The cruxifiction is the ultimate sign of God's love for us- showing how much he cares for us. Jesus' last words "Father, forgive them" also showed that love, poured out on those who had condemned him.

It is hard to love everyone, especially those who hurt us. And yet it is this kind of love that Jesus calls us to have for all. Jesus told us to 'love our neighbours', illustrating the meaning of neighbour through the story of the Good Samaritan. Our neighbours are all the world, whatever their creed, colour, beliefs etc, etc..... Loving them all may seem an impossibility, but it is something which all Christians must try to do.

Wednesday, 4 April 2012

What does Easter stand for? E is for Equality!


OK, so here's my (possibly not so) bright idea: For the next 5 days I'll be posting about what Easter means to me, one letter at a time. That means that tomorrow's theme will begin with A, Friday's S, and so on.....
Please remember that these are my thoughts: I am simply a Christian, I have not been theologically trained!

Today I'm tacking 'E'

E is for Equality

Picture Jesus on the cross, two criminals hanging beside him. One wonders why he is there? Surely he doesn't deserve this fate! At that moment Jesus could have turned round and said "You're right- I've done nothing wrong, by human values I don't deserve to be here, but you do!" But that's not what he said, of course its not! Instead he tells him that he will be with him in paradise.

Faith makes all believers equal- no matter what they have done in the past! Like the criminal, our sins are forgiven if we truly repent. Its important to remember this in our daily lives and to be careful not to judge others, it's their hearts that will truly matter in the end!

Sunday, 5 February 2012

Reflection on a verse from Romans 2

"God pays no attention to what others say (or what you think) about you. He makes up his own mind"
                                         (The Message)

I think this is one of the hardest things for any of us to take onboard. Like all humans, we care about what others think of us. We are critical about ourselves. We want to be liked. But, as Christians, we are told not to worry about these things. It is God's opinion that really matters (and he knows what we have done and/or thought). This is a difficult lesson to learn (and one which I suspect most people never will).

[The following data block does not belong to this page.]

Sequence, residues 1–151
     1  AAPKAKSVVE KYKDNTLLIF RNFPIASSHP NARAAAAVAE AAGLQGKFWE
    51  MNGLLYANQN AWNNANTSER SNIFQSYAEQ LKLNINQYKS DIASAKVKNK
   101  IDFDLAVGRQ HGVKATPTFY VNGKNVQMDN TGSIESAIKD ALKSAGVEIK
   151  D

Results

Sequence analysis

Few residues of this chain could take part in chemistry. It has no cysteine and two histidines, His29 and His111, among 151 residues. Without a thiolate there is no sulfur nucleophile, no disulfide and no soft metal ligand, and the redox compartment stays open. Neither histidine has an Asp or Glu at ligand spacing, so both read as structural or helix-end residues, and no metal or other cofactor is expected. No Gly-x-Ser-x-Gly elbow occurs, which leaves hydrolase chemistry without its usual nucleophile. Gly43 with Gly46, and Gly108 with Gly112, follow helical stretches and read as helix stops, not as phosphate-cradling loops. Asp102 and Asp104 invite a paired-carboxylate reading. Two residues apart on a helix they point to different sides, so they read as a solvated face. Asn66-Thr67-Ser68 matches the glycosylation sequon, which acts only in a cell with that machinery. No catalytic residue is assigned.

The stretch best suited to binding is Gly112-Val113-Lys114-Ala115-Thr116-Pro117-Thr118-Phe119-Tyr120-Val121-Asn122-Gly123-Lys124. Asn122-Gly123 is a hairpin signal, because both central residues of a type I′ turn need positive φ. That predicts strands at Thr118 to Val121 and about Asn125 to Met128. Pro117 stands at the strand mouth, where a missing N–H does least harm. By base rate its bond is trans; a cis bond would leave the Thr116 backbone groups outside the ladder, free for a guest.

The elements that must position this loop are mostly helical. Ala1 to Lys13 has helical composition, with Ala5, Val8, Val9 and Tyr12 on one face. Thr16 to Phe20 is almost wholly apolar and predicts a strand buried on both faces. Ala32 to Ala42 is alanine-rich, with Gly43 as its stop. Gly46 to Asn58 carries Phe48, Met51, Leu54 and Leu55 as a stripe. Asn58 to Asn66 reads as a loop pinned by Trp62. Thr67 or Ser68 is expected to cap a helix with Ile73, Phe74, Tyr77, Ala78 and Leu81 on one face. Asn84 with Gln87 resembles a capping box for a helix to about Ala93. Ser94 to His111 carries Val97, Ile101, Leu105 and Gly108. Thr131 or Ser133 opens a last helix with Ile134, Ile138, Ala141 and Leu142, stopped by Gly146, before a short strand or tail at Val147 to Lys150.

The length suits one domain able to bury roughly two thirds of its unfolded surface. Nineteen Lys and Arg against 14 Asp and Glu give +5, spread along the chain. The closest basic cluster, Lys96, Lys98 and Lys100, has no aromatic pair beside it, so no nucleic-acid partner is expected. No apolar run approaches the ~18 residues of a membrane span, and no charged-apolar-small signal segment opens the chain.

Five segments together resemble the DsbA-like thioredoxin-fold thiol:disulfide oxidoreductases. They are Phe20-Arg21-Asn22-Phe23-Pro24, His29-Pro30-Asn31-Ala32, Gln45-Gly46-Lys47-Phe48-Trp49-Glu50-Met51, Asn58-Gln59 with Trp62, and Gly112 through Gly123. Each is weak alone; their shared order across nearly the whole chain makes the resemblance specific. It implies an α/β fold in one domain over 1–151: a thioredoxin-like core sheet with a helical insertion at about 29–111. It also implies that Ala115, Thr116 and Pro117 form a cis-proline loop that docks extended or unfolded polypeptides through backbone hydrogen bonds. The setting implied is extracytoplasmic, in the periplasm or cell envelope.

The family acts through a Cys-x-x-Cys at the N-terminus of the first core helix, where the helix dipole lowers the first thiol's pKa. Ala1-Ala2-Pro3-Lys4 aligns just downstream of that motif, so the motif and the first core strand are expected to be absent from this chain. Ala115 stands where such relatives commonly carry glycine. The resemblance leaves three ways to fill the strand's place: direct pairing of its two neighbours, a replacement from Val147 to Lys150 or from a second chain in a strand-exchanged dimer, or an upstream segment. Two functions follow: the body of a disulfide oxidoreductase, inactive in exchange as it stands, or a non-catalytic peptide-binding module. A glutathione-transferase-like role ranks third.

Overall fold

I admit I've always had a soft-spot for hard-core protesters. You know, those who are not afraid to occupy trees, stand infront of bulldozers, or go on hunger-strikes. Those are people with strong convictions- they know what they believe in and are not afraid to stand up for those principles, no matter what the consequences. The question I often ask myself is am I, as a Christian, as dedicated to my principles? Would I  be willing to do whatever it took to make sure they were heard?

In our modern world it's considered un-PC to talk about our religion to others. We hear stories on the news of hospital staff who were sacked for sharing their faith, counsellors who cannot console with stories of God's love, teachers who not allowed to admit to being Christians. Few stand up to these rules, whether it be for fear of loosing their jobs, the respect of colleagues, or simply because it seems dangerous to challenge the status-quo.

I suppose that some might justify this by saying that, once removed from their jobs, they wouldn't be able to demonstrate their faith any more to their non-Christian colleagues. Yes, this may be true. I'm not advocating shouting your beliefs from the rooftops, shoving it down other people's throughts. Demanding a change of beliefs really works, nor does telling othr people that they're wrong. But, when someone asks about your faith, surely that's another matter altogether!

I recently heard a story about a man who was going into hospital. Upon arriving, before he could even settle into his bed, he was asked by another patient if he ever thought about dying. Recognising a God-given moment, the man who had just arrived told him about heaven. A few days later, another person thanked him for his words, saying that they had been a great help in a time of need. Now shift the focus slightly. Imagine it had been a nurse or a doctor that the patient had asked about dying. Would the staff member have felt able to tell him about heaven, or would they have been too worried about what they're bosses would make of that talk?

I know that I often take too much notice of what others think of me. I've been in the position of needing others to like me, and I know that this has often been a distraction to my faith. But I hope that, with God's help, I can overcome those feelings so that I can speak my faith whenever and wherever it is needed. I pray that he will do the same for you too.